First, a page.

David Meek, new Mirati CEO (Marlene Awaad/Bloomberg via Getty Images)

Fresh off Fer­Gene's melt­down, David Meek takes over at Mi­rati with lead KRAS drug rac­ing to an ap­proval

In the in­su­lar world of biotech, a spec­tac­u­lar fail­ure can some­times stay on any ex­ec­u­tive’s record for a long time. But for David Meek, the man at the helm of Fer­Gene’s re­cent im­plo­sion, two ques­tion­able ex­its made way for what could be an ex­cel­lent re­bound.

Charles Baum

Meek, most re­cent­ly Fer­Gene’s CEO and a past head at Ipsen, has be­come CEO at Mi­rati Ther­a­peu­tics, tak­ing the reins from found­ing CEO Charles Baum, who will step over in­to the role of pres­i­dent and head of R&D, ac­cord­ing to a re­lease.

Meek, whose fu­ture was un­clear af­ter Fer­Gene melt­ed down in spec­tac­u­lar fash­ion ear­li­er this year and oust­ed its lead­er­ship team, will take over a Mi­rati out­fit with a lead KRAS in­hibitor prep­ping for an FDA fil­ing in Q4. The com­pa­ny rolled out Phase II da­ta for ada­gra­sib in non-small cell lung can­cer ear­li­er Mon­day morn­ing that it says will serve as the ba­sis for that fil­ing, as well as win­ning mid-stage colon can­cer da­ta at this week­end’s #ES­MO21.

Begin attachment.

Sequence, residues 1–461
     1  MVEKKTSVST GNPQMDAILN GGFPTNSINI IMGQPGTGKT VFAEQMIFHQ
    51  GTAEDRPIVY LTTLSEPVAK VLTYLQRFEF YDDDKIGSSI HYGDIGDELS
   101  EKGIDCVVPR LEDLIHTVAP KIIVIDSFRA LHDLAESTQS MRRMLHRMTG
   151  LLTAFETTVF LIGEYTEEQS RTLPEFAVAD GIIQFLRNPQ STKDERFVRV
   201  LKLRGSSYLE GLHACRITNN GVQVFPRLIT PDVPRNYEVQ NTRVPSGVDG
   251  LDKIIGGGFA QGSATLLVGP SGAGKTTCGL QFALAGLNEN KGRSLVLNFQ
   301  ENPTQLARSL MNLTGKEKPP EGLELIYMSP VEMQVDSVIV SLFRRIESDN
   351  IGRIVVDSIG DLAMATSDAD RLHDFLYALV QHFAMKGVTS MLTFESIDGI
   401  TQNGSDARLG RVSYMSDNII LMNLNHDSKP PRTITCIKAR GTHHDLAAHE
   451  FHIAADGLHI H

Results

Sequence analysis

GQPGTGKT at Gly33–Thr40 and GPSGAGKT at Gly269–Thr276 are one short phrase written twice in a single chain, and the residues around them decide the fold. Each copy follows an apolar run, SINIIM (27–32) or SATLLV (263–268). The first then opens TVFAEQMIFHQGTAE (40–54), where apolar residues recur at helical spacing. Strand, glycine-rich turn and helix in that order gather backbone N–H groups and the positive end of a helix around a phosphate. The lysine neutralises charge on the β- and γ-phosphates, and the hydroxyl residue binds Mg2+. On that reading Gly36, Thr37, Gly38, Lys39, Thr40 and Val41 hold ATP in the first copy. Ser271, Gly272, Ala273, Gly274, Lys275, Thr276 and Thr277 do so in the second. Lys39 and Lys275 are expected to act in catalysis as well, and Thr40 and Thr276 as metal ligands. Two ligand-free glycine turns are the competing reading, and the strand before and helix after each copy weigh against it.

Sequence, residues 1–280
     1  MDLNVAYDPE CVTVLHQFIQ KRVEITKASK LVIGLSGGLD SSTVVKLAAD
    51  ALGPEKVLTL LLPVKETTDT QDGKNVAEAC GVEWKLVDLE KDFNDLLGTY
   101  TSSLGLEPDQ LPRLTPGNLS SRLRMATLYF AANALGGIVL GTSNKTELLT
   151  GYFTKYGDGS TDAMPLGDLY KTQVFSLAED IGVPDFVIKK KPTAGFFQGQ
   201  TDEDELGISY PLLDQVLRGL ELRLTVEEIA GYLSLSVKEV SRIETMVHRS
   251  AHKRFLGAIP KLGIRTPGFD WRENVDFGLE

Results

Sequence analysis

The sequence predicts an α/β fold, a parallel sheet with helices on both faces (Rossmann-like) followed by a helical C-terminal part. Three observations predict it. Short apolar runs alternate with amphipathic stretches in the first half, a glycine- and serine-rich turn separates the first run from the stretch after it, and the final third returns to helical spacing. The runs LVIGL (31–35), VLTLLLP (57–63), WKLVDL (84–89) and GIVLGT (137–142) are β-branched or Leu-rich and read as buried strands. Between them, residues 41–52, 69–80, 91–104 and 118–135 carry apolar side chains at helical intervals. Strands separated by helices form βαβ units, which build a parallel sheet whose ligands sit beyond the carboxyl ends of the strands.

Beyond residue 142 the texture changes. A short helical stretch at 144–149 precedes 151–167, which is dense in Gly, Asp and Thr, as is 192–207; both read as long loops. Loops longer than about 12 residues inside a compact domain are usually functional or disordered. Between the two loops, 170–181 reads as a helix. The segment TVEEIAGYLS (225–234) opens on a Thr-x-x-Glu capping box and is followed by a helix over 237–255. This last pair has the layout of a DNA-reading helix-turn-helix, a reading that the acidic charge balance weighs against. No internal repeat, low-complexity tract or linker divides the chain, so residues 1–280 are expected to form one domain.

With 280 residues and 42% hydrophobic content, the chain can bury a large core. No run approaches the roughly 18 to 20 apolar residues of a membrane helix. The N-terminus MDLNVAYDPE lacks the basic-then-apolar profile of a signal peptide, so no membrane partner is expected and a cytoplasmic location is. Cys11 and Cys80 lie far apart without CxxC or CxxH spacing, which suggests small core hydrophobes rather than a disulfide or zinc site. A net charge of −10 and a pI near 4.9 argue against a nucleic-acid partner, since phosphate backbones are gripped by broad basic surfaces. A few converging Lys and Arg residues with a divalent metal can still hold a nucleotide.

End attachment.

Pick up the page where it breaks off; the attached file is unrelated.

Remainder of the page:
Meek wasn’t made avail­able for com­ment, but in a state­ment he tout­ed Baum’s work as found­ing CEO in lead­ing Mi­rati for the past nine years:

I am hon­ored to lead Mi­rati and work along­side the in­cred­i­bly tal­ent­ed peo­ple of this great com­pa­ny to build on what has been ac­com­plished. Chuck has ef­fec­tive­ly led Mi­rati with an un­ri­valed pas­sion for the sci­ence, peo­ple and most im­por­tant­ly, the pa­tients. With his new ap­point­ment, we en­sure the con­tin­u­a­tion of the sci­en­tif­ic lead­er­ship and pa­tient-cen­tric cul­ture that have made the com­pa­ny suc­cess­ful thus far. Mi­rati has an un­prece­dent­ed op­por­tu­ni­ty as we tran­si­tion from de­vel­op­ing tar­get­ed treat­ments that trans­form the way can­cer is treat­ed, to al­so de­liv­er­ing them to mean­ing­ful­ly im­pact the lives of pa­tients liv­ing with can­cer.

Pri­or to Fer­Gene, Meek was CEO at Ipsen and pre­vi­ous­ly was an ex­ec­u­tive VP and pres­i­dent of on­col­o­gy at Bax­al­ta, which was ac­quired by Shire in 2016. Meek al­so held roles at En­do­cyte, No­var­tis and J&J over the course of his 30-year ca­reer.